• MzFang Feb 5, 2007

    prhodes10 The Domestic Violence law's are not gender specific as that would be illegal. They protect both sex's equally but a great majority of men are not as willing to report being abused. It can be a Catch 22 for men though as it usually boils down to a "he said" vs "she said" and the one with the most documentation, consistent statement's, witness' and injuries "wins". No one "wins" but you get my meaning.... As a Domestic Violence survivor my heart goes out to your son. My abuser STILL has 5 warrants for his arrest in this state, I know where he is and I've informed the police and they still have done nothing...He's free to beat and terrorize another woman and I'm still looking over my shoulder 7 years later. Shame on the state of NC's legislator's for not giving this the attention it so DESPERATELY deserves.

  • prhodes10 Feb 1, 2007

    Where is the laws to help the domesticly abused man. the law only help the woman. my son is the victim of a abuser that he once loved and call his wife. no laws help for him because hes a man.

  • RDUTEC Feb 1, 2007

    Crininals for the most part pay little or no attention to laws, that's why they are called crininals. Laws on the other hand tend mostly to control the lawfull.

    Seems to me to be just another political dog & pony show.

  • Dunn-onian Feb 1, 2007

    There is no more fundamental right than the right of self-defense. All societies recognize and respect this right (with the possible exception Senator Boseman).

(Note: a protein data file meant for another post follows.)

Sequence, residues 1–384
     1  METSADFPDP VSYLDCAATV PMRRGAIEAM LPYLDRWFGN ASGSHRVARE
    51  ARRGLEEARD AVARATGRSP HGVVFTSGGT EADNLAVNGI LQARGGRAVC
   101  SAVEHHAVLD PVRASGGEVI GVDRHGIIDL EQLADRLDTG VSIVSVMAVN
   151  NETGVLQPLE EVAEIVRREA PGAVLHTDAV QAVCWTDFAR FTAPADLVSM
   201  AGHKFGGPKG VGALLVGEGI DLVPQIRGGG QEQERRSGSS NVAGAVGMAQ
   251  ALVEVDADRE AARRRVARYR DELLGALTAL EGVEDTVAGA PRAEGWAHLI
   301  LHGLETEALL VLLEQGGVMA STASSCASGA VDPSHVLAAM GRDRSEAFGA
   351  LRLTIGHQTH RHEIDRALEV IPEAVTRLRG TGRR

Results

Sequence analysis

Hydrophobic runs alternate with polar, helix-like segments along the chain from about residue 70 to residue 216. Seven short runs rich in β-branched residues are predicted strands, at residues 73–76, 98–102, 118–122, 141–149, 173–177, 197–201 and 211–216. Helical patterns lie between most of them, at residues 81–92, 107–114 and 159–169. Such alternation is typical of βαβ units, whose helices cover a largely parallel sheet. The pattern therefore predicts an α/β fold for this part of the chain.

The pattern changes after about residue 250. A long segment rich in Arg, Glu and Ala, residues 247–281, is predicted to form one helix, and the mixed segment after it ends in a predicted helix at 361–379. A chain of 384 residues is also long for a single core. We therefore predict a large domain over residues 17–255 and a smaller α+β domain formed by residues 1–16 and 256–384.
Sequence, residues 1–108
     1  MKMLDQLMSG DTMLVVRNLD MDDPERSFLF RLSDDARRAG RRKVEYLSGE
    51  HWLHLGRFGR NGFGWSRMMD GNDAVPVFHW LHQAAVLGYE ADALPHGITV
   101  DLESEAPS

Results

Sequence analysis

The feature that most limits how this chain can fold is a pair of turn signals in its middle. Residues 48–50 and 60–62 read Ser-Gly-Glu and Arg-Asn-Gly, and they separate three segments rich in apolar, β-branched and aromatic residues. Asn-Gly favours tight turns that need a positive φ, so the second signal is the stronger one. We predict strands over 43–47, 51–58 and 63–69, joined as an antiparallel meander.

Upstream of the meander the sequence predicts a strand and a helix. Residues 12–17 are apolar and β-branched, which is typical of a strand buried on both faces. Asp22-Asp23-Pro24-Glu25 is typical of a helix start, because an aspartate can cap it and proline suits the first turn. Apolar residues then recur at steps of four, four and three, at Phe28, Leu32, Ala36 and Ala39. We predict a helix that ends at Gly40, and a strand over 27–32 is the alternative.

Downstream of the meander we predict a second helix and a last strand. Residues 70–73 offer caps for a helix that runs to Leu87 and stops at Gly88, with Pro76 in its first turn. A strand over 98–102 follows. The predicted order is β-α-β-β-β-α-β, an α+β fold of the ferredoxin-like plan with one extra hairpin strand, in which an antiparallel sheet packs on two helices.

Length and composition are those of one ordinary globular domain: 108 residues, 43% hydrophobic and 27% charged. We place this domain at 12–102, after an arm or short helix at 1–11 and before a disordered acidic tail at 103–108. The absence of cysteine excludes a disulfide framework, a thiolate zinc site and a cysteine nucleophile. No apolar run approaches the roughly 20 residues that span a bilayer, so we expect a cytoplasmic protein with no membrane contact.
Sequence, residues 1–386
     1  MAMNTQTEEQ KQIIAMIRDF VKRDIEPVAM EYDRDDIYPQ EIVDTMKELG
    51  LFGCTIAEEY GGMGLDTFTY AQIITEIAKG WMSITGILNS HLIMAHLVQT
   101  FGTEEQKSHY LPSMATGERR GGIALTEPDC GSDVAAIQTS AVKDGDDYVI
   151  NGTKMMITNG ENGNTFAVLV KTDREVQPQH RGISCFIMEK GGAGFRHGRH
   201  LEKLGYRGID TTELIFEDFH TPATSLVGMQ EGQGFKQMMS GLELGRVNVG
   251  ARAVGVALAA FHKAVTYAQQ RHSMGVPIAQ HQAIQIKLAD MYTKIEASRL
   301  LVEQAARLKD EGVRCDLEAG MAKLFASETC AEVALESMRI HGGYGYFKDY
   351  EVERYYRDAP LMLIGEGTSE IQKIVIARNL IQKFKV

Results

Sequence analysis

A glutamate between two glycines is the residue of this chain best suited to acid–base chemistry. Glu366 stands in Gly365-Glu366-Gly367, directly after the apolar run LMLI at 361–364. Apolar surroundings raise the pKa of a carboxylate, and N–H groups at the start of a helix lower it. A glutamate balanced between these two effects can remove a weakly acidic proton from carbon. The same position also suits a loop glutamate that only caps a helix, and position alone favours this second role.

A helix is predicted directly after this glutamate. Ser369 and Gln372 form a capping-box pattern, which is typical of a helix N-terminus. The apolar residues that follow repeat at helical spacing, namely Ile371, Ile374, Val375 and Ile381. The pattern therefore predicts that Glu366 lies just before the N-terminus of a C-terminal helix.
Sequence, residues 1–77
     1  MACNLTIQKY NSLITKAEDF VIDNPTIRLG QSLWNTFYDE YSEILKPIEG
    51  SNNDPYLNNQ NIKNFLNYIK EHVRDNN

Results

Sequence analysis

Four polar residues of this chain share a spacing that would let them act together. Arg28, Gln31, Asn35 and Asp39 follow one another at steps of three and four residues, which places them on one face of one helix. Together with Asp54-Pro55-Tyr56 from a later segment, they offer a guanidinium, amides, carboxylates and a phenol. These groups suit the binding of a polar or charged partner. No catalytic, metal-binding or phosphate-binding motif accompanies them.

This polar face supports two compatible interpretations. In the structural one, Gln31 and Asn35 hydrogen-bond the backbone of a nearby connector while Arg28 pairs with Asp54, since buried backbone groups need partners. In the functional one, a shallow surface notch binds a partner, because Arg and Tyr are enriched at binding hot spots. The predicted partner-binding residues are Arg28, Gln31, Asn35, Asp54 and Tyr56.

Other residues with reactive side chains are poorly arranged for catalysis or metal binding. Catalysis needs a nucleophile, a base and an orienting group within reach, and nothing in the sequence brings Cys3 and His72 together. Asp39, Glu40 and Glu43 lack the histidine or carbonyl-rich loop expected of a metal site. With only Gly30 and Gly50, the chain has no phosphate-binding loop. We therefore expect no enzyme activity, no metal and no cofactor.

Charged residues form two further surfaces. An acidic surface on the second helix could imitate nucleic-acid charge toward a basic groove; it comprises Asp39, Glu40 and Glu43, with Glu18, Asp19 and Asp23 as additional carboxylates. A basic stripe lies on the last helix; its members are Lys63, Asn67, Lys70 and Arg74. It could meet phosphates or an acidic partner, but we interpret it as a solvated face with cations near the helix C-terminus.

• Dunn-onian Feb 1, 2007

    SB 9, which should be called the "Domestic Abuser Protection Act," would disarm domestic violence victims, sending a clear message to domestic abusers--who routinely violate protective orders--that they may rape and murder at will. Sen. Boseman claims, “Senate Bill 9 requires that the judge prohibit the DEFENDANT (NOT the abused victim) from purchasing a firearm.” But in truth, defendants under protective orders are **already prohibited** from purchasing firearms under §50B-3.1(d)(1). What SB 9 does, under §50B‑3(a)(11) is allow judges to prohibit PLAINTIFFS from purchasing firearms for self-protection.

  • Dunn-onian Feb 1, 2007

    Senator Julia Boseman is distributing misinformation regarding two gun control bills she has filed.
    SB 8, which should be titled the "Child Predator Protection Act," would create so many victim disarmament zones that parents would be unable to protect their children and North Carolina's concealed handgun statute would be rendered worthless. Sen. Boseman claims SB 8 “does not include firearms limits.” In truth, Section 3 of the bill creates a new "§14‑269.5(b), which says: “It is unlawful for any person to possess or carry, whether openly or concealed, any gun, rifle, or pistol in any public park, in any child care center, or on any playground,” including parking lots for those areas.
    SB 9, which should be called the "Domestic Abuser Protection Act," would disarm domestic violence victims, sending a clear message to domestic abusers--who routinely violate protective orders--that they may rape and murder at will. Sen. Boseman claims, “Senate Bill 9 requires that

  • Joe Schmoe Jan 31, 2007

    Go and read the text for SB-9 (follow the link above and to the right of the story). Senator Julia Boseman wants the law changed so that the *plaintiff* in a domestic violence case is prohibited from buying a gun. That's right, she wants to disarm the *victims* of domestic violence, leaving them nothing but a piece of paper with which to protect themselves from the person who has been abusing them!